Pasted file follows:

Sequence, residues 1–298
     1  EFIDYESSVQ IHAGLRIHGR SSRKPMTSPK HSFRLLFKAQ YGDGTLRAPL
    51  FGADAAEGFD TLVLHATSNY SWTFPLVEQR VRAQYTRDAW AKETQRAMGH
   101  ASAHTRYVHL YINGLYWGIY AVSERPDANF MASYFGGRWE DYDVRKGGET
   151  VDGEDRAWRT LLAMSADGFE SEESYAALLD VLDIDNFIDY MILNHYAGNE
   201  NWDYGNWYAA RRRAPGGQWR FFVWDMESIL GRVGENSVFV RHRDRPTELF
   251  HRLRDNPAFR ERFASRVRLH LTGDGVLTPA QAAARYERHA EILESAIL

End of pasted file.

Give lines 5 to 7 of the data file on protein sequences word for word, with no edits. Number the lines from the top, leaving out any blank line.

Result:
   151  VDGEDRAWRT LLAMSADGFE SEESYAALLD VLDIDNFIDY MILNHYAGNE
   201  NWDYGNWYAA RRRAPGGQWR FFVWDMESIL GRVGENSVFV RHRDRPTELF
   251  HRLRDNPAFR ERFASRVRLH LTGDGVLTPA QAAARYERHA EILESAIL